Staying still is my way of living. Ever since I was a child I have disliked moving. I hated sports day. So, I’ve never enjoyed playing any sport, exercises, etc. But, thankfully, I am healthy. At 85, there is nothing wrong with me anywhere. In my free time, I usually stay at home, reading or streaming video.

5. Do you have a favorite museum (or any other cultural spot)?

When I go abroad I go to museums, but I find it quite exhausting. The Louvre, for example, is a jewel,  but spending a day there is utterly exhausting. But I do like the Nezu Museum (in Omotesando), which is quite small, and The National Art Center Tokyo, in Roppongi. But I prefer music and concerts, which you can enjoy sitting, to the visual arts. I just love opera!

Nezu Garden

Inside Nezu Museum’s famous garden.

6. What is your favorite Japanese food?

If it’s good I will eat anything, including ramen. But I have to say I really like soba (buckwheat noodles). I think the soba at Sunaba in Kanda is the best and I like it served plain. The temperature of the soba and the texture are perfect. But you have to order three servings because each serving is so small.

Honmura-an in Roppongi is also pretty good. 

7. Where would you go for a special meal?

Shirosaka (in Akasaka). It’s a bit pricey but not bad.

The entrance to Shirosaka, an innovative Japanese restaurant in Akasaka.

8. Do you have a favorite onsen ryokan, resort, etc. in Japan?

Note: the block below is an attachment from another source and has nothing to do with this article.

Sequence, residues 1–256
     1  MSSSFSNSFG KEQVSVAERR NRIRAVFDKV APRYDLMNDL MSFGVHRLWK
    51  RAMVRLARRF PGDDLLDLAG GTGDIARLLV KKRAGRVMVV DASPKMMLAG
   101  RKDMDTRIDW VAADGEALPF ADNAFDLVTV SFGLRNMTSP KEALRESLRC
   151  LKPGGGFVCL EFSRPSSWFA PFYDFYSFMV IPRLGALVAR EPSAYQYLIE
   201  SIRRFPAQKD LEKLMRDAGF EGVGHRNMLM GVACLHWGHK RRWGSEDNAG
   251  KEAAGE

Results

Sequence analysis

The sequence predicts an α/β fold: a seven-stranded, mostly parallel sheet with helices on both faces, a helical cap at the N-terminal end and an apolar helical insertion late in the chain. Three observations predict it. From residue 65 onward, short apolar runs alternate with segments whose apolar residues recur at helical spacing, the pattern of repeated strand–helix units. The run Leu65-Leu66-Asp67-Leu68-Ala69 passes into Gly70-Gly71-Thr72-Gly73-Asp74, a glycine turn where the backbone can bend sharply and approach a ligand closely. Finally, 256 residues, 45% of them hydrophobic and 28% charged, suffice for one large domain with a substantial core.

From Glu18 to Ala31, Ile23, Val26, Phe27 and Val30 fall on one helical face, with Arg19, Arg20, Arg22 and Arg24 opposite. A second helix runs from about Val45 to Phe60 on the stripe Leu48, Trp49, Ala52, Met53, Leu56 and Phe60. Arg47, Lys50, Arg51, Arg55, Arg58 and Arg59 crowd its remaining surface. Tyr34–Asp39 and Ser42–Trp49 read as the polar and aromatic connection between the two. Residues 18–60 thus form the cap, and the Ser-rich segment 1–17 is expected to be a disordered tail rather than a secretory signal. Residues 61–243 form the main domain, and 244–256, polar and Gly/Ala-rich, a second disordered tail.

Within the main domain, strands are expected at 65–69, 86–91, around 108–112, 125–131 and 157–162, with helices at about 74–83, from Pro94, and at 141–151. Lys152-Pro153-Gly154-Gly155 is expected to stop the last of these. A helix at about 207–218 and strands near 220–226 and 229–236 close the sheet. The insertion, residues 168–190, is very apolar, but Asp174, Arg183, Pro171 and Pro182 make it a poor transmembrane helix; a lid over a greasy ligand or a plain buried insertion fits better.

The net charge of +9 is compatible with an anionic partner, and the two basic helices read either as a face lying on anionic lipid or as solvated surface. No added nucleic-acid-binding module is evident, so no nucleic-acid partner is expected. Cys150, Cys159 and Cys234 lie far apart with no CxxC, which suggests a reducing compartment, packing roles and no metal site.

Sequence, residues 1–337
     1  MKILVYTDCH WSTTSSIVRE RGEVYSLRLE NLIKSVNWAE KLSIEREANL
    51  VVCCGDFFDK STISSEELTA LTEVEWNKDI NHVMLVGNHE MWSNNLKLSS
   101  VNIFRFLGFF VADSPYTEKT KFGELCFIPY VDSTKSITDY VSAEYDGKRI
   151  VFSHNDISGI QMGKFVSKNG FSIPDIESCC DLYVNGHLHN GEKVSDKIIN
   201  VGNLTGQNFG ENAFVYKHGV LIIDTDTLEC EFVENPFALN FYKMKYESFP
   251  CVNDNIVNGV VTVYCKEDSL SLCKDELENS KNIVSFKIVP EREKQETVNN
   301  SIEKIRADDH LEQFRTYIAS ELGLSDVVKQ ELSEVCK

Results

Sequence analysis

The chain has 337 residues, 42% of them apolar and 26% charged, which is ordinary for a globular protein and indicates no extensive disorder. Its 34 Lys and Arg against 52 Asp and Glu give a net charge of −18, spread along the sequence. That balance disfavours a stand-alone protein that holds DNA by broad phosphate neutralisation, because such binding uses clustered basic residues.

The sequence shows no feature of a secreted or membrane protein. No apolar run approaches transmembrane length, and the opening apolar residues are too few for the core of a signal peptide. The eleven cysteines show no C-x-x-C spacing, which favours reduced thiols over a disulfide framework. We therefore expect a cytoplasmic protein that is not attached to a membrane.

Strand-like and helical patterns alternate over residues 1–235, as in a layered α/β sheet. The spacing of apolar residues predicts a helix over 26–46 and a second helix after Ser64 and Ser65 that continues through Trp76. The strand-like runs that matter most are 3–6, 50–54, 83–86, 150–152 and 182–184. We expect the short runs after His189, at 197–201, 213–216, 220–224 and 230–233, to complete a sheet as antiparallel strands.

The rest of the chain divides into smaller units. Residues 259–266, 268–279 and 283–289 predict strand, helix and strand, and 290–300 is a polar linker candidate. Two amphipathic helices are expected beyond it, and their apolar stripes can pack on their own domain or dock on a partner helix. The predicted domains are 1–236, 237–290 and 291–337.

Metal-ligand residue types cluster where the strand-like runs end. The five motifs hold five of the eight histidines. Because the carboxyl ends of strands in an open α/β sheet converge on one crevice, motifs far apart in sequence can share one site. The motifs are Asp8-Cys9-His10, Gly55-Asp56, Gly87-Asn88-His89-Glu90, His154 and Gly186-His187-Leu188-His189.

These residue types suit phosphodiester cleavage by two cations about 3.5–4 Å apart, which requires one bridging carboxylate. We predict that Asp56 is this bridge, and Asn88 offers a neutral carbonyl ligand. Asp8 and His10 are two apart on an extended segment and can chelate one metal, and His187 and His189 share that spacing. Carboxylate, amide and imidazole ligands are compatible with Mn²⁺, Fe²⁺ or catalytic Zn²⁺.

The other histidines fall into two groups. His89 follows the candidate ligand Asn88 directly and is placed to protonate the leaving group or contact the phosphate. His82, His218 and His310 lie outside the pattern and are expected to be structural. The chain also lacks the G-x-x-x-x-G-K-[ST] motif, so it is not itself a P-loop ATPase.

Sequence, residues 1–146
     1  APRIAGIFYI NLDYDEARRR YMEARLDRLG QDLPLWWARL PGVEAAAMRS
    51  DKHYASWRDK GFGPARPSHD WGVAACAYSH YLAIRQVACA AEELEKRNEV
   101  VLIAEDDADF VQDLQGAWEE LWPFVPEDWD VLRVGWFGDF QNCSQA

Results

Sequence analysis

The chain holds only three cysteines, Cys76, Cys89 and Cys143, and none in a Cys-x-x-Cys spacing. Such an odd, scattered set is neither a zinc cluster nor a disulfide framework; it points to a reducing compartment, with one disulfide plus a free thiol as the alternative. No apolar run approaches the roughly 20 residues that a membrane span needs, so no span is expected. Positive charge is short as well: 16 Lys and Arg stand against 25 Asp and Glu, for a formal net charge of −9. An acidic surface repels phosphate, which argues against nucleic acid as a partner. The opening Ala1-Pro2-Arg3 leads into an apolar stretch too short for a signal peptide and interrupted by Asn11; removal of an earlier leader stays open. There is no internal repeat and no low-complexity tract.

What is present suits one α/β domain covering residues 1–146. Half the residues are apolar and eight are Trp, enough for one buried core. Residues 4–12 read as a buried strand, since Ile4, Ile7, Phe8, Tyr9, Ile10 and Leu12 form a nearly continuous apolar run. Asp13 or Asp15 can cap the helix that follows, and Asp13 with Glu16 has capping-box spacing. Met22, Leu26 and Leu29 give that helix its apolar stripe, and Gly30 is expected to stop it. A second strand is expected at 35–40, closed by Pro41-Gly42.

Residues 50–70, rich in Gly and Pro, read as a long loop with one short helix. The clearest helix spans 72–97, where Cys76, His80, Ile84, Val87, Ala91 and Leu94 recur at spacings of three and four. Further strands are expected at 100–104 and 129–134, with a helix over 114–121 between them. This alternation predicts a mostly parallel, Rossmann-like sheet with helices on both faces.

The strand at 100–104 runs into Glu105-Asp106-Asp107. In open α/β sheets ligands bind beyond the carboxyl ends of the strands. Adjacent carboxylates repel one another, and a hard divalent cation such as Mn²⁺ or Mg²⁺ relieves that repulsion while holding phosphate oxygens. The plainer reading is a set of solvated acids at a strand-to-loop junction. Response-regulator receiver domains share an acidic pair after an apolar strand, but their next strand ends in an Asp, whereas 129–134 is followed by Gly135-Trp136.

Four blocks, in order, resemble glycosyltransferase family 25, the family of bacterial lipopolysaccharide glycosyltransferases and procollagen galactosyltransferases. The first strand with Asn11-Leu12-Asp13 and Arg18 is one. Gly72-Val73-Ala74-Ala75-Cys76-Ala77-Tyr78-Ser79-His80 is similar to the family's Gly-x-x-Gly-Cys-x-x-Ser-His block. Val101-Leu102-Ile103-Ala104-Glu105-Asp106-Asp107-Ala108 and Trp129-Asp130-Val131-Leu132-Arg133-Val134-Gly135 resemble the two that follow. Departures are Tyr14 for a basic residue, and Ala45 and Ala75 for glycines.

My favorite ryokan is Tawaraya in Kyoto. I used to go a lot with people in the movie business. Never on my own money, though. It’s a place where tradition is still alive. The breakfast there is wonderful, particularly the yudofu (tofu hot pot). The staff know how to take care of their guests while keeping their distance. In the winter, they will warm your shoes. That kind of service is why foreigners, who can’t imagine that in their own countries, love Tawaraya.

9. What is a favorite thing you bought recently in Japan (if possible, something related to Japan)?

I bought delicious tomatoes from a farmer called Asahi-san, who had a stall in front of the UN University (in Omotesando). I stopped  buying tomatoes sold in stores some time ago as they  were ridiculously expensive and not  good. But the ones Asahi-san grows in Tosa, on the island of Shikoku, named Momotaro Tomatoes, are as yummy as they should be. This guy is a cucumber farmer so his cucumbers are also super good.

10. What book/film about Japan would you recommend?

I would recommend the early works of (Akira) Kurosawa. His avid fans, like (Steven) Spielberg, George Lucas, Francis Ford Coppola, Martin Scorsese, revere him like a god.

An Italian friend of mine asked to work for him as an assistant to the assistant director. To do that, he had to be able to read the script so he taught himself Japanese, living in a 4-mat room. He was not your typical ‘Italian guy.’  He was hard-working, serious and quiet. When Kurosawa went to the Venice Film Festival, he invited the maestro to his home, which turned out to be a palace, one of the World Heritages. Imagine how amazed Kurosawa was when he found out who his assistant really was!

11. What would you take to a friend overseas as a gift?

What can you take to Tom Cruise? Nothing! So I’d give him little things you cannot find easily in the States. If they like tea, for example, I would take Japanese tea. Or shichimi (Japanese hot pepper) for people who like hot things. (Francis Ford Coppola likes shichimi, so I send it to him regularly.)

Toda with Tom Cruise. (photo courtesy of Natsuko Toda)

Toda with Francis Ford Coppola. (photo courtesy of Natsuko Toda)

12. What do you like about living in (visiting) Japan?

Japan is the most delicious country in the world, so I am happy living here. It’s also safe and that’s very important.